Grades 9-12 Activity: Student-centered Learning Blog Feature {% if subscribeProperty|lower == "yes" %} {% else %} {% endif %}

By: Lindsey Graff on September 10th, 2013

Print/Save as PDF

Grades 9-12 Activity: Student-centered Learning

Grade Level: Secondary (7-12) | Featured Topics: Student Engagement | Academic Subject: Interdisciplinary | Featured Topics: Lessons and Activities

vocabulary poster maker variquest

Implement learning centers in your high school classroom to foster multisensory and differentiated activities that can meet the needs of the diverse range of students’ skill levels, interests and needs.

Who says that the fun and exciting learning that takes place in elementary school classrooms has to end there? Create learning centers in your high school classroom that provide both individual and cooperative learning opportunities based around clear and measurable goals. Be sure to clearly communicate the expectations of each center as well as student expectations as they work independently to ensure that students are focused on essential learning.

  • Identify the centers you will create, and then customize them based on a particular unit of study. Examples of centers for a medieval unit include the “Writing Center,” that offers various writing prompts related to the Middle Ages; “Vocabulary Center,” in which students choose a vocabulary word from selected text, define the word, then add it to the class word wall; or the “Art Center,” stocked with art and construction materials that students could use to create an art form or picture to represent something of interest from the unit, such as recreating a stained glass window or designing and building a castle. Customize the Poster Maker template Layout 36 (LAY036) to communicate expectations and instructions for each center that will ensure student success and independence.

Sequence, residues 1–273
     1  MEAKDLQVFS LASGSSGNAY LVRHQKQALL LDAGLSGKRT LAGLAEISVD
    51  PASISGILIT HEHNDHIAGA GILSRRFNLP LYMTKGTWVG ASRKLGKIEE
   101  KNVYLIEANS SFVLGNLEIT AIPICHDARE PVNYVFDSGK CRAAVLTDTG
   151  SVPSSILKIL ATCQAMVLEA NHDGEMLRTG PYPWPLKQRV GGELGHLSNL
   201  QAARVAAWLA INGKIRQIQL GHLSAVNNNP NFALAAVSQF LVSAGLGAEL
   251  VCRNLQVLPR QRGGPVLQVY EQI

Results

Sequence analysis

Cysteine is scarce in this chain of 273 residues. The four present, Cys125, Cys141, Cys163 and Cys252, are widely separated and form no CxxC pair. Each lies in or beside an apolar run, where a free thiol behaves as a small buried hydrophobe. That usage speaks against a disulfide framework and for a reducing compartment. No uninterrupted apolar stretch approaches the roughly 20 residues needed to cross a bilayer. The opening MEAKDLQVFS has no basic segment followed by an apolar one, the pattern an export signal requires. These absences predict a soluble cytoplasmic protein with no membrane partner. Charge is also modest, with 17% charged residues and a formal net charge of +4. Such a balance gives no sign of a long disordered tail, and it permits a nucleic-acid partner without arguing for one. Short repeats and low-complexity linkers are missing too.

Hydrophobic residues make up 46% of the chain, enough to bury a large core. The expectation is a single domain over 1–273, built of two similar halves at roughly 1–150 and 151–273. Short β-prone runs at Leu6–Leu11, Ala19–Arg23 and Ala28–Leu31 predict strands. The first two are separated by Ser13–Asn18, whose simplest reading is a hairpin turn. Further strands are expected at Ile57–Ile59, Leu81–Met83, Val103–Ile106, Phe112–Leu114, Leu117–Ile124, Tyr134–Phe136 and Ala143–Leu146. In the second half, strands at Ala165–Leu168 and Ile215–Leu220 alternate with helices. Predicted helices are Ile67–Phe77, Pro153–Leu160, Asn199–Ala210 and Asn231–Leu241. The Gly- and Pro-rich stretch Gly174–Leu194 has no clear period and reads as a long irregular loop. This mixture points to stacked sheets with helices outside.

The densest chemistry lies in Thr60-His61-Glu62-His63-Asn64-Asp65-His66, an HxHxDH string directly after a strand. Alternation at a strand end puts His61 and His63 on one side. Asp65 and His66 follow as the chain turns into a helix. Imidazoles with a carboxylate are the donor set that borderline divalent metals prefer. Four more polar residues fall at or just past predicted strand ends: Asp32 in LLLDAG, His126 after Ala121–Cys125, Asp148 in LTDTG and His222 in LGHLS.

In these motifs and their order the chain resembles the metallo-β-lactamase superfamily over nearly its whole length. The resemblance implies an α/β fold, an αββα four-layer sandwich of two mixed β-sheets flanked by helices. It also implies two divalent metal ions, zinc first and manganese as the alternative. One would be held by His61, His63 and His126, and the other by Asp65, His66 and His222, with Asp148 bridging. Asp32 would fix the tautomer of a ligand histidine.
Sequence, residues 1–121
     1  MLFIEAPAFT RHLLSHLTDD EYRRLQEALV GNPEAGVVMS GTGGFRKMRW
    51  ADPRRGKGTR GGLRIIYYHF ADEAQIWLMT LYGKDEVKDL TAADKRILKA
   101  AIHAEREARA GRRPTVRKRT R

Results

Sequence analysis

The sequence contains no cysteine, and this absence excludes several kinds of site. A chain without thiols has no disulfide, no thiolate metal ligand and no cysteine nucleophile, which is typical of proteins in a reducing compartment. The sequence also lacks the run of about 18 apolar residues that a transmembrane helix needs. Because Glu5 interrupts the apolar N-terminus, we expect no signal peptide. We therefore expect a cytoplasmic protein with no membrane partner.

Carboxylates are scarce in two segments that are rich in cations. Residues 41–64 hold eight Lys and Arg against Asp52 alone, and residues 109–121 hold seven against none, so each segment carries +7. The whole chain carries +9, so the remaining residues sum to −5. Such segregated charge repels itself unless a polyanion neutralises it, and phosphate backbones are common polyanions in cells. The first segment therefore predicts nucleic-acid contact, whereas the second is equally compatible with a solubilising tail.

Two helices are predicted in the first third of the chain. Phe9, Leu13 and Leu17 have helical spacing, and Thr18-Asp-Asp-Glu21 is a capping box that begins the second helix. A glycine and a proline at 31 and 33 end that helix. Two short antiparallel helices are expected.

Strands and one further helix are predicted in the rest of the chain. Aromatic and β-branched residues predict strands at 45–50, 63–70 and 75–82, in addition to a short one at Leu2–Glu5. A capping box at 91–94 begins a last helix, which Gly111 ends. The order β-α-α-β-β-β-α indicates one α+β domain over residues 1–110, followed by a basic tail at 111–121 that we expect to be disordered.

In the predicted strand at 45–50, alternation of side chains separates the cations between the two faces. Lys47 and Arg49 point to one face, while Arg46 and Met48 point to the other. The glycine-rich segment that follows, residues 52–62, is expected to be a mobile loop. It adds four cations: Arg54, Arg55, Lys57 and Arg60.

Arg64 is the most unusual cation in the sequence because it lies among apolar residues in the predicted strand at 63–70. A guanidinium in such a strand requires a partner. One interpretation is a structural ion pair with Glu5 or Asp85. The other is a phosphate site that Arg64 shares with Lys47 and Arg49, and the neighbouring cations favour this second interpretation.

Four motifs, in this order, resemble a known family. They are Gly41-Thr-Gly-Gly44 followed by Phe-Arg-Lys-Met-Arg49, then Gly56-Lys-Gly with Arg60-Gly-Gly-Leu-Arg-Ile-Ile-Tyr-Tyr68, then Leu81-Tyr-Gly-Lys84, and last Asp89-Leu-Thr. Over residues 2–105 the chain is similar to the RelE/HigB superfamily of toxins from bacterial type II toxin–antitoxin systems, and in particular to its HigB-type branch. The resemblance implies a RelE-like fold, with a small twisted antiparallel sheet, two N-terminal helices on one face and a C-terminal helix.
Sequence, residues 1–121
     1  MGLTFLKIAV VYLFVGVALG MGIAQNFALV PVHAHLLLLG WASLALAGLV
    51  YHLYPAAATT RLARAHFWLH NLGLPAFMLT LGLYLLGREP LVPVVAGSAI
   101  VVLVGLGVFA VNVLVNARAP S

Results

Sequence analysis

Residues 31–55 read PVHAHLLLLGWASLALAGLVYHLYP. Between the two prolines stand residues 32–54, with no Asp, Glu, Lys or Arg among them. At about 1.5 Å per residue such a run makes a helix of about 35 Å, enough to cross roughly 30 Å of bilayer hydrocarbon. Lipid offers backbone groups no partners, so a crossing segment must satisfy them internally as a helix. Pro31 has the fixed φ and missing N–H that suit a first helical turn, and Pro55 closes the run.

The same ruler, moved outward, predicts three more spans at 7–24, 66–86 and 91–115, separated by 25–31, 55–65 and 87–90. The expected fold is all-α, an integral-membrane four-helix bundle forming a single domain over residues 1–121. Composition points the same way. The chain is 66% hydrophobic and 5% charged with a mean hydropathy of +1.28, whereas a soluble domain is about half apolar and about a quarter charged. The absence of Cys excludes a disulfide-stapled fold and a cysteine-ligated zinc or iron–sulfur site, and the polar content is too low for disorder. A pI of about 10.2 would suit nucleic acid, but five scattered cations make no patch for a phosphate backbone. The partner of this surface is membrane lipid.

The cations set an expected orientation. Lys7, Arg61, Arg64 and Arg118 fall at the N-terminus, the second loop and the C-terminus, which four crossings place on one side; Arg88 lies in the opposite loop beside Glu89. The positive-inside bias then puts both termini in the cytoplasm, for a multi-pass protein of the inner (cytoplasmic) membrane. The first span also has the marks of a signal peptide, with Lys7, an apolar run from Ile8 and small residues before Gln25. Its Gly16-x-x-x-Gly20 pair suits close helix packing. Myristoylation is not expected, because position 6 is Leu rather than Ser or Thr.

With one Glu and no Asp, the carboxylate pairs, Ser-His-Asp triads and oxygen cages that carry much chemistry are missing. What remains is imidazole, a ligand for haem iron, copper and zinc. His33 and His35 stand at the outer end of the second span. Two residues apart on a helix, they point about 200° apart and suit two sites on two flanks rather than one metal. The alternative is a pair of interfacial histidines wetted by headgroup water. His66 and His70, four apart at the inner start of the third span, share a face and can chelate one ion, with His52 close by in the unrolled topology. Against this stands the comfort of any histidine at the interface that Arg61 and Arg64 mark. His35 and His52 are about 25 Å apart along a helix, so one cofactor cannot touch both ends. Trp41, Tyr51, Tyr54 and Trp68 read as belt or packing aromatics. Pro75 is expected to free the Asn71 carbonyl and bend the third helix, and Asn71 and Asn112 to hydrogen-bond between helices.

• Create a rubric to assess students as they work in learning centers using Poster Maker template Rubric – 6 rows (ORG024). Categories for the rubric should include things like time on task, appropriate participation, content mastery and self-evaluation. Print a poster of the rubric, then display and review these general expectations with students prior to their first day of independent learning center work. Let them know that you will be monitoring them on the basis of the criteria identified and listed on the rubric. Keep the rubric posted throughout the year as a visual cue to remind students of expectations while working in learning centers. Use this to help you assess students’ performance on center workdays.